For the particular geography of our mountains I must refer to Fry and Jefferson’s map of Virginia: and to Evans’ analysis of his map of America for a more philosophical view of them than is to be found in any other work. It is worthy notice, that our mountains are not solitary and scattered confusedly over the face of the country; but that they commence at about 150 miles from the sea-coast, are disposed in ridges one behind another, running nearly parallel with the sea-coast, though rather approaching it as they advance north-east wardly. To the south-west, as the tract of country between the sea-coast and the Missisipi becomes narrower, the mountains converge into a single ridge, which, as it approaches the Gulph of Mexico, subsides into plain country, and gives rise to some of the waters of that Gulph, and particularly to a river called the Apalachicola, probably from the Apalachies, an Indian nation formerly residing on it. Hence the mountains giving rise to that river, and seen from its various parts, were called the Apalachian mountains, being in fact the end or termination only of the great ridges passing through the continent. European geographers however extended the name northwardly as far as the mountains extended; some giving it, after their separation into different ridges, to the Blue ridge, others to the North mountain, others to the Alleghaney, others to the Laurel ridge, as may be seen by their different maps. But the fact I believe is, that none of these ridges were ever known by that name to the inhabitants, either native or emigrant, but as they saw them so called in European maps. In the same direction generally are the veins of limestone, coal and other minerals hitherto discovered: and so range the falls of our great rivers. But the courses of the great rivers are at right angles with these. James and Patowmac penetrate through all the ridges of mountains eastward of the Alleganey. That is broken by no watercourse. It is in fact the spine of the country between the Atlantic on one side, and the Missisipi and St. Laurence on the other. The passage of the Patowmac through the Blue ridge is perhaps one of the most stupendous scenes in nature. You stand on a very high point of land. On your right comes up the Shenandoah, having ranged along the foot of the mountain an hundred miles to seek a vent. On your left approaches the Patowmac, in quest of a passage also. In the moment of their junction they rush together against the mountain, rend it asunder, and pass off to the sea. The first glance of this scene hurries our senses into the opinion that this earth has been created in time, that the mountains were formed first, that the rivers began to flow afterwards, that in this place particularly they have been dammed up by the Blue ridge of mountains, and have formed an ocean which filled the whole valley; that continuing to rise they have at length broken over at this spot, and have torn the mountain down from its summit to its base. The piles of rock on each hand, but particularly on the Shenandoah, the evident marks of their disrupture and avulsion from their beds by the most powerful agents of nature, corroborate the impression. But the distant finishing which nature has given to the picture, is of a very different character. It is a true contrast to the foreground. It is as placid and delightful as that is wild and tremendous. For the mountain being cloven asunder, she presents to your eye, through the cleft, a small catch of smooth blue horizon, at an infinite distance in the plain country, inviting you, as it were, from the riot and tumult roaring around, to pass through the breach and participate of the calm below. Here the eye ultimately composes itself; and that way too the road happens actually to lead. You cross the Patowmac above the junction, pass along its side through the base of the mountain for three miles, its terrible precipices hanging in fragments over you, and within about 20 miles reach Frederic town and the fine country around that. This scene is worth a voyage across the Atlantic. Yet here, as in the neighborhood of the natural bridge, are people who have passed their lives within half a dozen miles, and have never been to survey these monuments of a war between rivers and mountains which must have shaken the earth itself to its centre. —The height of our mountains has not yet been estimated with any degree of exactness. The Alleghaney being the great ridge which divides the waters of the Atlantic from those of the Missisipi, its summit is doubtless more elevated above the ocean than that of any other mountain. But its relative height, compared with the base on which it stands, is not so great as that of some others, the country rising behind the successive ridges like the steps of stairs. The mountains of the Blue ridge, and of these the Peaks of Otter, are thought to be of a greater height, measured from their base, than any others in our country, and perhaps in North America. From data, which may found a tolerable conjecture, we suppose the highest peak to be about 4000 feet perpendicular, which is not a fifth part of the height of the mountains of South America, nor one third of the height which would be necessary in our latitude to preserve ice in the open air unmelted through the year. The ridge of mountains next beyond the Blue ridge, called by us the North mountain, is of the greatest extent; for which reason they were named by the Indians the Endless mountains.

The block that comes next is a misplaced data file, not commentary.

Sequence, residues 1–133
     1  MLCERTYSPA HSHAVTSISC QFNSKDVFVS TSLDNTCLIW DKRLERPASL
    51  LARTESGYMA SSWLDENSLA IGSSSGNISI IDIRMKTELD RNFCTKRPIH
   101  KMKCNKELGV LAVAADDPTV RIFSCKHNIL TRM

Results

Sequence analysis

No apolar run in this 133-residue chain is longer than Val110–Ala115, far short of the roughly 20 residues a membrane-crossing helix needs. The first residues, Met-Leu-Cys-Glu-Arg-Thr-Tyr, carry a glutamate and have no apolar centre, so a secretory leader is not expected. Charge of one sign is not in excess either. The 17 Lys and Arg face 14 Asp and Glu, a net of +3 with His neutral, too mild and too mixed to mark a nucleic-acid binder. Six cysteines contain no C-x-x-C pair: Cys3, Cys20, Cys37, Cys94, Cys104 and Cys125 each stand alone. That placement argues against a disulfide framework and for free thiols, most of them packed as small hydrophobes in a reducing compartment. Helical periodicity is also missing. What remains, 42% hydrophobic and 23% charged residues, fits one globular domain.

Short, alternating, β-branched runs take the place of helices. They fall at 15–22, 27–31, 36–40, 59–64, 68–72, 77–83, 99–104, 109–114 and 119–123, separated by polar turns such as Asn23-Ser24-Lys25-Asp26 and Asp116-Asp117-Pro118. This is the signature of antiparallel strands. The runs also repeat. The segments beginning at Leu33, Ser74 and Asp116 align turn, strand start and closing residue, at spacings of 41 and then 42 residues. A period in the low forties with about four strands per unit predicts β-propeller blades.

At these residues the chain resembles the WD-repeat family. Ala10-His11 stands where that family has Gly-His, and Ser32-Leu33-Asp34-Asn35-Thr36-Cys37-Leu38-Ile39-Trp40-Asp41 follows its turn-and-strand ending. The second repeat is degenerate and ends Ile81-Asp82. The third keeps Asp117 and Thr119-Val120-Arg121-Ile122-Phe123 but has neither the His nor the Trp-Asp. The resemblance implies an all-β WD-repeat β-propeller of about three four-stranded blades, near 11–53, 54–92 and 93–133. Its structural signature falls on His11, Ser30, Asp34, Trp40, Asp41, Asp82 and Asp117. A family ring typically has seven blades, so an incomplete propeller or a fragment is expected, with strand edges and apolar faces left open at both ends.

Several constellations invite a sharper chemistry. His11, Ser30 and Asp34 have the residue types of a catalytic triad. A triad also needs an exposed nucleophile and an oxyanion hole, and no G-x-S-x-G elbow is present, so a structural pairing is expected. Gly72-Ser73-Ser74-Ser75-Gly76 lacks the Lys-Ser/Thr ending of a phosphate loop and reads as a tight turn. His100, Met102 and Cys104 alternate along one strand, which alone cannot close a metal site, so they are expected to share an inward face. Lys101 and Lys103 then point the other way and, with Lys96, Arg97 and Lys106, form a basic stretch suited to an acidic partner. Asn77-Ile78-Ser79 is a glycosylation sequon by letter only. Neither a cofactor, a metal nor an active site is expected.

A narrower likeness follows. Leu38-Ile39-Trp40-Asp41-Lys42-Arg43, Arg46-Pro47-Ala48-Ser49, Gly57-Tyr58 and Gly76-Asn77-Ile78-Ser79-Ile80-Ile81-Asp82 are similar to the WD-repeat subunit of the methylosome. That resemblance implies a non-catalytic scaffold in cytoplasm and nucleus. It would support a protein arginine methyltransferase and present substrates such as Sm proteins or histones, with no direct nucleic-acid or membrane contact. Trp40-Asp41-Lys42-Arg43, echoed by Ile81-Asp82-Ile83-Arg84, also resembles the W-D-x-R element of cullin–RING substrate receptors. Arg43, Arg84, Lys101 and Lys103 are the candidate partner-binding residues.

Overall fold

A substance supposed to be Pumice, found floating on the Missisipi, has induced a conjecture that there is a volcano on some of its waters; and as these are mostly known to their sources, except the Missouri, our expectations of verifying the conjecture would of course be led to the mountains which divide the waters of the Mexican Gulph from those of the South sea; but no volcano having ever yet been known at such a distance from the sea, we must rather suppose that this floating substance has been erroneously deemed Pumice.